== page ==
The St. Louis region is making a push to attract the attention of expansion-minded companies in Israel.
The St. Louis-Israel Innovation Connection, developed by BioSTL, aims to tap into one of the world’s innovation hotbeds.
“Israel has more startup companies than anywhere else outside of Silicon Valley,” said Donn Rubin, president and chief executive of BioSTL, a nonprofit focused on boosting the region’s biotechnology sector.
The challenge facing the region is finding a way to attract companies that are also being targeted by better-known locations in Boston, New York and San Francisco.
Earlier this year, BioSTL launched its new initiative, which included the hiring of both a St. Louis-based project leader and a representative inside Israel.
They are focusing on companies in three of the region’s stronger industries: biotechnology, health care technology and financial technology.
But they aren’t simply looking for small startups with big ideas. Instead, their goal is find young companies with proven products and technologies. Those firms will be connected with venture capitalists, corporate partners, universities and business networks in the St. Louis region.
Making the job somewhat easier is the fact that these Israeli companies don’t need to be persuaded of the need to expand to the U.S., Rubin said.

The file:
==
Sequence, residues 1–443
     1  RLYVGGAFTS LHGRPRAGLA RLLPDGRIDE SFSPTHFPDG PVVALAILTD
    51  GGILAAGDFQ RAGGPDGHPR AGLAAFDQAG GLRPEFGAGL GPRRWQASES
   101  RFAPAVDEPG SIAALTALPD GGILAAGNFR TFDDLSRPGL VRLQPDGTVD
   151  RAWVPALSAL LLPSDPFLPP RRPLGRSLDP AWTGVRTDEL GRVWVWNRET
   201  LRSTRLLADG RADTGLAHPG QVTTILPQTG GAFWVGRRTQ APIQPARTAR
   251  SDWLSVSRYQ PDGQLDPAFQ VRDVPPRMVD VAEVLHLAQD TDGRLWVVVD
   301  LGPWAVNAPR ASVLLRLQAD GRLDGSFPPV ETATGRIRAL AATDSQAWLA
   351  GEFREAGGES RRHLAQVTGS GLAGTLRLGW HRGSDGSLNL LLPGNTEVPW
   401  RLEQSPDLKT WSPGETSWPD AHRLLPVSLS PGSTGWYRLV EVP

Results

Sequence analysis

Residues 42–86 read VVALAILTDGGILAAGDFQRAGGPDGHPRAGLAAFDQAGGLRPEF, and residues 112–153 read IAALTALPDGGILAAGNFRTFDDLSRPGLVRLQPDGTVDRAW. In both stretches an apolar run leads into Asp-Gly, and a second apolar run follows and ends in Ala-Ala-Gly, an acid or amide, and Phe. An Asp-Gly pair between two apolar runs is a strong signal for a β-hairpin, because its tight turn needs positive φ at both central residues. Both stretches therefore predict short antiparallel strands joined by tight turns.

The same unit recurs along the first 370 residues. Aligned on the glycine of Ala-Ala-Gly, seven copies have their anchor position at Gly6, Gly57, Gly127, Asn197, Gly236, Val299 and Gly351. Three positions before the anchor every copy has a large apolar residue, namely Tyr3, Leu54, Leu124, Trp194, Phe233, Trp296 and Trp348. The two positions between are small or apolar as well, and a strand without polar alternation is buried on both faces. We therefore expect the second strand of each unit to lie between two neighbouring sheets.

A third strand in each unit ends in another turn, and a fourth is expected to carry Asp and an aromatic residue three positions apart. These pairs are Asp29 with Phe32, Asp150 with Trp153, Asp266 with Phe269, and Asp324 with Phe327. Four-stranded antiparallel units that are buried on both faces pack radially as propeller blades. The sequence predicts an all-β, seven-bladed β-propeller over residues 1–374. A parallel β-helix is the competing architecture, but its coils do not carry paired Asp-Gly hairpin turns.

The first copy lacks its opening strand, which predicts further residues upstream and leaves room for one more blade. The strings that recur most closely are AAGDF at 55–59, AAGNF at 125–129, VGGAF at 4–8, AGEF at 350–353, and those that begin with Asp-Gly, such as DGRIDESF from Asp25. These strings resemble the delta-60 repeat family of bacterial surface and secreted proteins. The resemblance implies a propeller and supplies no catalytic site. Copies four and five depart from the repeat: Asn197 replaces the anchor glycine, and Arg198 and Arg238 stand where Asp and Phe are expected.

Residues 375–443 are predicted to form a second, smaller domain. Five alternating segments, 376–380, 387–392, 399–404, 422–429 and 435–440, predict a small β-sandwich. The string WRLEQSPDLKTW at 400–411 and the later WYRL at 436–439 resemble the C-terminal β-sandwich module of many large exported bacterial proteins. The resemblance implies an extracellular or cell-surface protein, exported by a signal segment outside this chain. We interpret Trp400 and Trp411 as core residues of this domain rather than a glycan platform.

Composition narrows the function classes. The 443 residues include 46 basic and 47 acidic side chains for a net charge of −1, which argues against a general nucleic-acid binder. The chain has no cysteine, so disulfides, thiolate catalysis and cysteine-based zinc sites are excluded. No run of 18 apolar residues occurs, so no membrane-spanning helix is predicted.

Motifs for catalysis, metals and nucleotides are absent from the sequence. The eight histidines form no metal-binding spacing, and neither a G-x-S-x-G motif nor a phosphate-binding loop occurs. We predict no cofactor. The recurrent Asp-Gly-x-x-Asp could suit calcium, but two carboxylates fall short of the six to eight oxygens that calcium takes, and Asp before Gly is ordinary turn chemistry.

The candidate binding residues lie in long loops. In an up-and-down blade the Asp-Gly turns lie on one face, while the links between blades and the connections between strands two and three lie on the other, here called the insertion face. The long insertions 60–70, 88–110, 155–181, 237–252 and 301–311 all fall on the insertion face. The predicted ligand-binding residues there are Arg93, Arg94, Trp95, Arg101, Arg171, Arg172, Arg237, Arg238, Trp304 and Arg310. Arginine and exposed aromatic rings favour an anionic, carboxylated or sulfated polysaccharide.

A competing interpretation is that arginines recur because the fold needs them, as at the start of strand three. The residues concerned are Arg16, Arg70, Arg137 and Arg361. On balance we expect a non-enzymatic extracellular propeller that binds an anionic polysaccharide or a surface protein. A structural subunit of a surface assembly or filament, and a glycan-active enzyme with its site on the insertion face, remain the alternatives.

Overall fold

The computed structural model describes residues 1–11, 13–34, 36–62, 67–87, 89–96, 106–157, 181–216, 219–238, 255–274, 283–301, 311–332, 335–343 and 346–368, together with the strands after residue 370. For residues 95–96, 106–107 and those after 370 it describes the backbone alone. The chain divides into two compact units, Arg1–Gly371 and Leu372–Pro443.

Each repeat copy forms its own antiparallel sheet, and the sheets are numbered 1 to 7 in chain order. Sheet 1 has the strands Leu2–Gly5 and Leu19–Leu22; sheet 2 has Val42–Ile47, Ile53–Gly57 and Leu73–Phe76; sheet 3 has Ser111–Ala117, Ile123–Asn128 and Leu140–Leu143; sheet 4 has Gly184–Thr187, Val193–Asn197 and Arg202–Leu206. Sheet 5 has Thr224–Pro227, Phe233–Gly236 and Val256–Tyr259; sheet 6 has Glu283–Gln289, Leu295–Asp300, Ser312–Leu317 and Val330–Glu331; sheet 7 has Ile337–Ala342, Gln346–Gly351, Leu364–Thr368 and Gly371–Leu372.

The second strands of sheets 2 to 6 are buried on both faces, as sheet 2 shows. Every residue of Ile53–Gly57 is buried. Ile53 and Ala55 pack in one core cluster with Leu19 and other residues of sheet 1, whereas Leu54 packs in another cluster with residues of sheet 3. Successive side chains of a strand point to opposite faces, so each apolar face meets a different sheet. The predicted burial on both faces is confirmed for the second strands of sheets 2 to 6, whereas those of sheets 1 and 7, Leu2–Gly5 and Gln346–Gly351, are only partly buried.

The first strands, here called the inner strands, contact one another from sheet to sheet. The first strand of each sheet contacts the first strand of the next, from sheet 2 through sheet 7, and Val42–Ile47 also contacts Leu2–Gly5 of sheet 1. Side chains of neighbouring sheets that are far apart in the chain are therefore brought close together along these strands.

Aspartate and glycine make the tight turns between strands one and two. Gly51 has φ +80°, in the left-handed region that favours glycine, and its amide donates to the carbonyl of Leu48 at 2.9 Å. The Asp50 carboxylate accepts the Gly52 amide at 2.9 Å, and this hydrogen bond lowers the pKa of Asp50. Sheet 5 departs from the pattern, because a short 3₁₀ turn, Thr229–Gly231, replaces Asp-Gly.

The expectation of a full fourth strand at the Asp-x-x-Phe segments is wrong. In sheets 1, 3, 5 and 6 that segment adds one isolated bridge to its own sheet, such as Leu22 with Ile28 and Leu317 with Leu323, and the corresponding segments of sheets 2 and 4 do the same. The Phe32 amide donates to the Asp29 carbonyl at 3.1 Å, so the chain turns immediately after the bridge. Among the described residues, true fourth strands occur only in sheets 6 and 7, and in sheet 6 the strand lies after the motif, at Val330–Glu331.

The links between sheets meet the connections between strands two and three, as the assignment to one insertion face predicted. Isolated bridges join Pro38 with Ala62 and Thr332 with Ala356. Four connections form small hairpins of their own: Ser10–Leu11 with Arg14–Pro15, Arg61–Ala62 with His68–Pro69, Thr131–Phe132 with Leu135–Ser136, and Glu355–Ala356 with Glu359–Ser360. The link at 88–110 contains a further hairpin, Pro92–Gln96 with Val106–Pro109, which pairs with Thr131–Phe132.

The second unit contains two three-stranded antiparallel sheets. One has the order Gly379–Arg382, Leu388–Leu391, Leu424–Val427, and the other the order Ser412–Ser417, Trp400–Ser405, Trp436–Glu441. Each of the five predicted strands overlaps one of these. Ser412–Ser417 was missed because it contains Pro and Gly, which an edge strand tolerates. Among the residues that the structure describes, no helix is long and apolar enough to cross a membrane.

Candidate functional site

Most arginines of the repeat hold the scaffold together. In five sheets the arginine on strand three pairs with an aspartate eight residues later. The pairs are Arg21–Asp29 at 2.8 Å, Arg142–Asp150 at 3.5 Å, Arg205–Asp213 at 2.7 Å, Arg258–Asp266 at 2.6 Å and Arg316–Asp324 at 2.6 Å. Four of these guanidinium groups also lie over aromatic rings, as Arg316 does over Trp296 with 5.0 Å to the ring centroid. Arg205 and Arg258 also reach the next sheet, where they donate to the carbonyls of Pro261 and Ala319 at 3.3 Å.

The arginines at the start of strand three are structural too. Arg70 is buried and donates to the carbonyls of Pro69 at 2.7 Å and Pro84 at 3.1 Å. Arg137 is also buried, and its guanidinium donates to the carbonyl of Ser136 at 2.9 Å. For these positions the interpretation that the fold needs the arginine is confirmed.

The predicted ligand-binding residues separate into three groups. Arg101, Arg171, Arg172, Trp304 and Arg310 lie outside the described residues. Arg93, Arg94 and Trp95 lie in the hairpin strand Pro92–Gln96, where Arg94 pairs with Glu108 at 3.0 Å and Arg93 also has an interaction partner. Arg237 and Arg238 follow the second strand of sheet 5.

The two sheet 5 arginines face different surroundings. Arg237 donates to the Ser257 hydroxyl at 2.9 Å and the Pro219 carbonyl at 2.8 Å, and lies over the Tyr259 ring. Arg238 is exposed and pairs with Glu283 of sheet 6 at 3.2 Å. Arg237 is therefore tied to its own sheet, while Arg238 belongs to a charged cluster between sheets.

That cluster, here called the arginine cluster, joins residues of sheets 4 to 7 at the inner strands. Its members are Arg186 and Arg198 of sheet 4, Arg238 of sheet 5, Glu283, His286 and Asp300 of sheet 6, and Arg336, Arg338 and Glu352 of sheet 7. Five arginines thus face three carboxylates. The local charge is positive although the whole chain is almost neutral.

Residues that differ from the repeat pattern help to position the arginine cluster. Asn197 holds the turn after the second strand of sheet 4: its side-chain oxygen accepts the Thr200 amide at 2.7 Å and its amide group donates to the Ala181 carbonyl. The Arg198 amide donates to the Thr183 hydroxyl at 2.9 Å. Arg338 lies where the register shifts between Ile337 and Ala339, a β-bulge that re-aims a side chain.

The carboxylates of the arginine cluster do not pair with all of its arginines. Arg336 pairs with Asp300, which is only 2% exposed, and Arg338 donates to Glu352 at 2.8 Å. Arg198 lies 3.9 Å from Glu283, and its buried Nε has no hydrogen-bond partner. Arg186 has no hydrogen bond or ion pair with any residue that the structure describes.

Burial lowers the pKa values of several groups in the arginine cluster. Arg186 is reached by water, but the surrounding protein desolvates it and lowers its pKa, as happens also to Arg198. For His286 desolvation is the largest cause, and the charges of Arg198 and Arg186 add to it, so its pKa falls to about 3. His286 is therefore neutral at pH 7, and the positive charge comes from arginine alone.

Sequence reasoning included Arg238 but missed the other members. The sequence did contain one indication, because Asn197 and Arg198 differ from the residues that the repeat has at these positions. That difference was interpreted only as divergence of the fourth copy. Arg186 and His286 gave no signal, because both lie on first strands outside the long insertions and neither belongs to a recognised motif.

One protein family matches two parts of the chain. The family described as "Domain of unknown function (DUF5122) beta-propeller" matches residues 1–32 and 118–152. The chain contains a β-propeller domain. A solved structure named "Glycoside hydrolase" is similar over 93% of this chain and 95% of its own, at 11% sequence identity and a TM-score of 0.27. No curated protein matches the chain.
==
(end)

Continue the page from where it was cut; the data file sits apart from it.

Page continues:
“It’s baked into their business plan to get to North America,” he said. “This is where they are really going to hit their expansion and scale up.”
These don’t tend to be companies looking to move their entire operation to the U.S. Instead, they are looking to expand their research facilities, open sales offices or begin navigating this country’s regulatory system.
Working for the initiative in Israel is Uri Attir, who has experience running and consulting with technology companies there.
Attir is in St. Louis for a two-week tour aimed at giving him a better idea of the region’s strengths and offerings. And what he’s seen so far has boosted his optimism about the task ahead. With the right marketing, he said, the area should prove attractive to those young firms.
“St. Louis is not as well known as it should be,” Attir said. “It’s definitely underrepresented in Israel.”
The initiative officially launched in May, when Rubin took part in a six-day trip to Israel, where meetings were held with 19 companies and several investors and law firms.
Those early meetings have spawned talks between a handful of those companies and St. Louis businesses.
And at least one, he said, is expected to make a move of some sort to this region.
“We’re not in a position to make that announcement yet,” Rubin said.